At the recent London International Wine & Spirits Competition (IWSC), everyone was keen to know the result of the Best in Class for the Syrah/Shiraz category. A red Hermitage, Côte-Rôtie or Cornas? A Hunter, Barossa or Heathcote Shiraz? Perhaps a Paso Robles or Columbia Valley Syrah? Or something from Chile’s ever-widening diversity of new sub-regions? The wine in question was the 2007 Hay Paddock Syrah from New Zealand’s Waiheke Island.
Lovers of New Zealand wine – who in an industry necessarily dominated by exports are in the main located internationally – have no doubt heard of the new vogue for Kiwi Syrah, albeit a grape still modestly planted by national standards. The Gimblett Gravels section of Hawkes Bay is a much mooted and deserving area for Syrah, often written about and now frequently identified on labels from the likes of Villa Maria, Craggy Range and other important wineries. But Waiheke?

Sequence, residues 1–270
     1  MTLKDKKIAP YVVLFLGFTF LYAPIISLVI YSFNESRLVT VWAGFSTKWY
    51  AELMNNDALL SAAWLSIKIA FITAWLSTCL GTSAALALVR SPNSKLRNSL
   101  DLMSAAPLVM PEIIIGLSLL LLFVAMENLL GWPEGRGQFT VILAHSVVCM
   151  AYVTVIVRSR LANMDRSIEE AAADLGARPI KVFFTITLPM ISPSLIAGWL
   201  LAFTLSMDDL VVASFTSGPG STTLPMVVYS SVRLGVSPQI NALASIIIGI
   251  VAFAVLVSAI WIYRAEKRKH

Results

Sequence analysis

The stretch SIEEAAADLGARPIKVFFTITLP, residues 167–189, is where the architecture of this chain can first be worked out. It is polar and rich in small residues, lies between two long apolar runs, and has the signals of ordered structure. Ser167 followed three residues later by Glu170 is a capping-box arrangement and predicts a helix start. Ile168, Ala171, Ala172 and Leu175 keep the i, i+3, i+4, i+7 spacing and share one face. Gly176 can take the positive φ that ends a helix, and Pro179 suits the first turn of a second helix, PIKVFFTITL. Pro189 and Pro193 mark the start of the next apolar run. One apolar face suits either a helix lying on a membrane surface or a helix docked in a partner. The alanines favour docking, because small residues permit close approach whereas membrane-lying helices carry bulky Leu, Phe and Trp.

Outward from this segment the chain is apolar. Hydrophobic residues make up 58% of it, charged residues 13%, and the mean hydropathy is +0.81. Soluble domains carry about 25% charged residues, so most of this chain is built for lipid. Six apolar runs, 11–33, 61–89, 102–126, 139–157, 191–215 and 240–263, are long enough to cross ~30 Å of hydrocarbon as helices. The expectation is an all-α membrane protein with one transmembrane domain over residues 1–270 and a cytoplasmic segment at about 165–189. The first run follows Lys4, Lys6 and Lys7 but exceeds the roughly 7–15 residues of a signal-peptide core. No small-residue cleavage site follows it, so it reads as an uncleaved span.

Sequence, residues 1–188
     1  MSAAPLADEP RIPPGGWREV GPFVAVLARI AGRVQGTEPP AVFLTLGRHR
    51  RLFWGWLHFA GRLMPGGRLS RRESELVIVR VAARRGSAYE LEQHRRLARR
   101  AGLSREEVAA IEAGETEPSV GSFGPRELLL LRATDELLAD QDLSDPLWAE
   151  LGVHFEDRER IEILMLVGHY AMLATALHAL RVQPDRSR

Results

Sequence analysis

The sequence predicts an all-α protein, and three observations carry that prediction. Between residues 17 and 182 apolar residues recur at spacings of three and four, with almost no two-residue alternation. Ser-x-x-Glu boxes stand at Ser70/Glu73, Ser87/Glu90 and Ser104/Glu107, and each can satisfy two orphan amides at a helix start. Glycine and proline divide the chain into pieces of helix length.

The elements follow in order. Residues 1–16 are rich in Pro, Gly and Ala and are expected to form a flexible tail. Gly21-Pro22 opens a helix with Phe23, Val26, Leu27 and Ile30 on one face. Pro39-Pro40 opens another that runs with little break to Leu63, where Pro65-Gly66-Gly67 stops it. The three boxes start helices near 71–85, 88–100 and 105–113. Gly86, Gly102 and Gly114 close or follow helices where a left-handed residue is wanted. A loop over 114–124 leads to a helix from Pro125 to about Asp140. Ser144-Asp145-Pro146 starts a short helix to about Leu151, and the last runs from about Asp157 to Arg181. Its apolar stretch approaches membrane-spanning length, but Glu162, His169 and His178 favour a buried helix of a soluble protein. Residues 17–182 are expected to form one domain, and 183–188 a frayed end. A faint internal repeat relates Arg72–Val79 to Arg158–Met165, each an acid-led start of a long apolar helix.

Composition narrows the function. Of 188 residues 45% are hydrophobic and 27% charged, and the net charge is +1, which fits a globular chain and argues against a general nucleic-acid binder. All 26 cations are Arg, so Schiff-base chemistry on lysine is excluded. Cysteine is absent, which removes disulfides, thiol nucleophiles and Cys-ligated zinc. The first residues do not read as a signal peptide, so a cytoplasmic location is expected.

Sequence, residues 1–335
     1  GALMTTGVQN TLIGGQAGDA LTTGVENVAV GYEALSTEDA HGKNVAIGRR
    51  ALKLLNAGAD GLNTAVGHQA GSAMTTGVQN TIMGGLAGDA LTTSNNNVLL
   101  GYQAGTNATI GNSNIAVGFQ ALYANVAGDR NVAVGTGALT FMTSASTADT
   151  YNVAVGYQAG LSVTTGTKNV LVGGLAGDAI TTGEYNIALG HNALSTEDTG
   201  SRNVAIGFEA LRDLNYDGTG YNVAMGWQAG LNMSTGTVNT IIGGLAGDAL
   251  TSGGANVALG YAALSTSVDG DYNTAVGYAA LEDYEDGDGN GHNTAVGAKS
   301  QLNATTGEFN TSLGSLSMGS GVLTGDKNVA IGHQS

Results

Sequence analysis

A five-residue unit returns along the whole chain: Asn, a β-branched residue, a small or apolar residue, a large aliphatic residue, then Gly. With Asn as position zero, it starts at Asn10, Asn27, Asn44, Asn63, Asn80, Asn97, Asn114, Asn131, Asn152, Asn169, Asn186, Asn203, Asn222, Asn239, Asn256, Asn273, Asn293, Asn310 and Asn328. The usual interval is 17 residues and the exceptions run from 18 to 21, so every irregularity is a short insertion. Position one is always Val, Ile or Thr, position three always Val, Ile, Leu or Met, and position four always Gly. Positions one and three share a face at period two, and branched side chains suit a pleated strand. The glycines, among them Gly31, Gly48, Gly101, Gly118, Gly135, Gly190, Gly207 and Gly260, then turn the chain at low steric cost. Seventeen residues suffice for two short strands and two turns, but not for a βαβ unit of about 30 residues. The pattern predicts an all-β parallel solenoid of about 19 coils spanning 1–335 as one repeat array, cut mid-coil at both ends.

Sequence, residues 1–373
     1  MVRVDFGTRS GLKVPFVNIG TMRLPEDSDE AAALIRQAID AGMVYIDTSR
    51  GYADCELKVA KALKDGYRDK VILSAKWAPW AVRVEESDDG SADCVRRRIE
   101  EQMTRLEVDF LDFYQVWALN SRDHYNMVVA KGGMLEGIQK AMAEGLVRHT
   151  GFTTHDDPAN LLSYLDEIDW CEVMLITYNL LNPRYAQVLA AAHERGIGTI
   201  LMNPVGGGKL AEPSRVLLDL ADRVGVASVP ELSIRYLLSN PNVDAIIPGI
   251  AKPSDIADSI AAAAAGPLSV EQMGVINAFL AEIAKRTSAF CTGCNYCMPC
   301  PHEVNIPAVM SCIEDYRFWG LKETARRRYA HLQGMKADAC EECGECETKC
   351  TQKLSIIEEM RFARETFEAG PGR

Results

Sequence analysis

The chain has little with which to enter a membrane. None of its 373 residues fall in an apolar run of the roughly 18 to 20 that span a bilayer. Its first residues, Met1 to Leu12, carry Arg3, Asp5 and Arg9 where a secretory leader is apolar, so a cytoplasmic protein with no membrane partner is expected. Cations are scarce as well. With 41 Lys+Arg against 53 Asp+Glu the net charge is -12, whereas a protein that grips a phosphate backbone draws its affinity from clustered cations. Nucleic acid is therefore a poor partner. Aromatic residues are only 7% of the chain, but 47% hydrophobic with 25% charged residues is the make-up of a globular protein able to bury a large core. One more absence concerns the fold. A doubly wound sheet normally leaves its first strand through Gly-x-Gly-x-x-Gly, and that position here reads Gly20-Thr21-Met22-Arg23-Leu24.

Until a few months ago, I too would have had to raise a hand admitting ignorance as to the location of this unusual viticultural area. About a fifty-minute ferry-ride from Auckland, Waiheke Island is almost preposterously beautiful, its many bays and undulating vineyards providing pin-ups for promotional material not only for Waiheke itself but for everything ‘quintessentially New Zealand’: from New Zealand Winegrowers Association marketing to local gourmet magazine Cuisine. ‘Picture-postcard’ would be an understatement.